Can You Be Too Hyped for Your Game?

Over the past month, I’ve contacted numerous Abilene reporters and news anchors about Guardian and the company. Unfortunately, I’ve received  little interest back. Feeling defeated, I wondered why our own city didn’t want to cover us. Were abandoned kittens being mothered by a terrier that much more newsworthy than Reactuate Games?

For a brief time, I decided to take a break from the rejection and work on things that did get noticed, like our YouTube videos or blog posts. These marketing strategies were at least being viewed and retweeted in the Twittersphere. Except for one of my blog posts getting put on a website,  I wasn’t getting anything from the press, and I wondered if perhaps I was trying too hard.  Maybe I was becoming a pusher rather than a promoter and annoying all of our followers and friends on our social media pages by my constant plugging.

As Chris Hecker (@checker) says in his GDC video presentation “No One Knows About Your Game,” being an enthusiastic promoter isn’t necessarily a bad thing, though. Hecker states:

“You can’t overhype a game; you can only underdeliver.”

If you focus on creating a really interesting and fun game, then you shouldn’t have to worry that you talked-up your game in the first place. And if you believe in what you’re creating, let the gamers of the world know!

So we’re excited about marketing again, and plan to do it whenever and wherever.

1. We have joined Abilene’s Chamber of Commerce, a collection of local businesses that get together and network and support one another. Hopefully we’ll meet other Abilenians who are interested in what we are doing.

2. We’ve also made flyers that we hand out at local universities. One school has a Digital Entertainment Technology program that turned out to be a great place to discuss our company with potential future game devs. We also plan to leave these flyers at video game stores and gaming hangouts around town.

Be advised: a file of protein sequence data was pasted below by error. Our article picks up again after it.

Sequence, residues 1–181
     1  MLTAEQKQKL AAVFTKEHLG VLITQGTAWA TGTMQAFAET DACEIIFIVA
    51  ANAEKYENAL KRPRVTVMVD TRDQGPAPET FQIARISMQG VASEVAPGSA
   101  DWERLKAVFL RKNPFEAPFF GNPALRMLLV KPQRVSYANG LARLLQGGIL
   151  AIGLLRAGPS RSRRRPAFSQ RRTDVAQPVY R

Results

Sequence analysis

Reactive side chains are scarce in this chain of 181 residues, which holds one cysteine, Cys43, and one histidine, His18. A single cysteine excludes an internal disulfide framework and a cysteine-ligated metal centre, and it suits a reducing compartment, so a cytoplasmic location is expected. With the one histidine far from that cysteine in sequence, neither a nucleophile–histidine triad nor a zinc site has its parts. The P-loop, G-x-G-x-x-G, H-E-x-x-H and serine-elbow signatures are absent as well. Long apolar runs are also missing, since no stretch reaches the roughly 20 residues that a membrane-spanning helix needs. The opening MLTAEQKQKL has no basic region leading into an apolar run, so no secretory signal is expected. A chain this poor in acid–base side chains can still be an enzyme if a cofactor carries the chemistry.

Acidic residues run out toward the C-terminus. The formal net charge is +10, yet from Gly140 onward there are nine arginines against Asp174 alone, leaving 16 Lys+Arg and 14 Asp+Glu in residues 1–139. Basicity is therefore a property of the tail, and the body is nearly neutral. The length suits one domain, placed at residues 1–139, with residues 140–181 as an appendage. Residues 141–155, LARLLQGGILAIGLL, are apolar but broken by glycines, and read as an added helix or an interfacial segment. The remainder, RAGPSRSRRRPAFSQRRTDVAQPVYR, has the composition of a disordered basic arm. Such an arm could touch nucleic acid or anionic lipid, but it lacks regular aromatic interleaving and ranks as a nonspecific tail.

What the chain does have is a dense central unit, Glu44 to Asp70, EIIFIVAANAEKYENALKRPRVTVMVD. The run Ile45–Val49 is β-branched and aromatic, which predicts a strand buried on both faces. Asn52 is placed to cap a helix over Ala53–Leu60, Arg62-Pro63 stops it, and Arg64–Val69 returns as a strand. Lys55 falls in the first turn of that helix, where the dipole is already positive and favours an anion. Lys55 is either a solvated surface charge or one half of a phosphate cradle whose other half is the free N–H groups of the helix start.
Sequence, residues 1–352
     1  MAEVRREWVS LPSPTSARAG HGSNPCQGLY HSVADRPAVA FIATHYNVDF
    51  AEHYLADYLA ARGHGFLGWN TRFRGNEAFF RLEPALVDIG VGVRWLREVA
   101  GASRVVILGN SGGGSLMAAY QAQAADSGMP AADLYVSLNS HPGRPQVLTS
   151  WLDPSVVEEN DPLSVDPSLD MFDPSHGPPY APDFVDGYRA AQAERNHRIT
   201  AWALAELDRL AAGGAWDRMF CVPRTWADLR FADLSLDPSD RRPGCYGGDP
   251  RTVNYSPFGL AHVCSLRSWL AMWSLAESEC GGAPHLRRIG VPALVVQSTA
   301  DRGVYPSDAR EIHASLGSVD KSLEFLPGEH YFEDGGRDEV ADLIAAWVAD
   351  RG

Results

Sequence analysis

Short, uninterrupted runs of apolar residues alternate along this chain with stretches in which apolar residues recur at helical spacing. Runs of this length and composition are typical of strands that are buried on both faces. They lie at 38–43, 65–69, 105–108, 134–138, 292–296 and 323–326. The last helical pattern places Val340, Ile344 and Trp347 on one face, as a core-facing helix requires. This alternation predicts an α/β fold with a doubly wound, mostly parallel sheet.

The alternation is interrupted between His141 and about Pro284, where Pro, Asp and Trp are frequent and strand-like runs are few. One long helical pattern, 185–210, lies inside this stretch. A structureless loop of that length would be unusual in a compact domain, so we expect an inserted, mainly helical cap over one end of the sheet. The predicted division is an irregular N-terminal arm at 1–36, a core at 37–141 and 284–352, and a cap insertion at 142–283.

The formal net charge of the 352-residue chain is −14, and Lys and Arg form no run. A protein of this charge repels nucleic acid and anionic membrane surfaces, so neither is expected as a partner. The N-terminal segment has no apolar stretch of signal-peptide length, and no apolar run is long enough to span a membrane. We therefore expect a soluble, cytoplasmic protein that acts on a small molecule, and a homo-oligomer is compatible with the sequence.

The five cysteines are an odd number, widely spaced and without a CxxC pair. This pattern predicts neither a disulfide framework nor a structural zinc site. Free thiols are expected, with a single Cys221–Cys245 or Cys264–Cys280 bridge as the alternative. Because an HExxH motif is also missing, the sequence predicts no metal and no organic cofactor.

3. Just today we booked an interview with our local TV station’s community-oriented series called 4U. Later this month, Ron will talk about RG and Guardian so that others in the area can support the first video game company in the city.

Eventually, our marketing scope will be larger. Our end goal is to have a fan base that stretches across the globe, but it’s important to start with a foundation and grow from there.

Check out Hecker’s GDC video:

2 thoughts on “Can You Be Too Hyped for Your Game?”

  1. Stephanie, great post! We had a similar experience starting our competitive video gaming league in 2008. We received local media coverage, but received the most success by visiting local venues (arcades, Internet cafes, etc…) and keeping our online presence active (Facebook, Youtube, Twitter, etc…).

    Excited to see what’s next for RG.

    1. Hey Riley,

      Thanks so much! I feel like that may be our best bet, too. By popping into a few game stores or hangouts, we can interact more with those who make gaming a part of their lives and appreciate the work that is put into creating one. Thanks for the comment! We love to hear others’ development stories.

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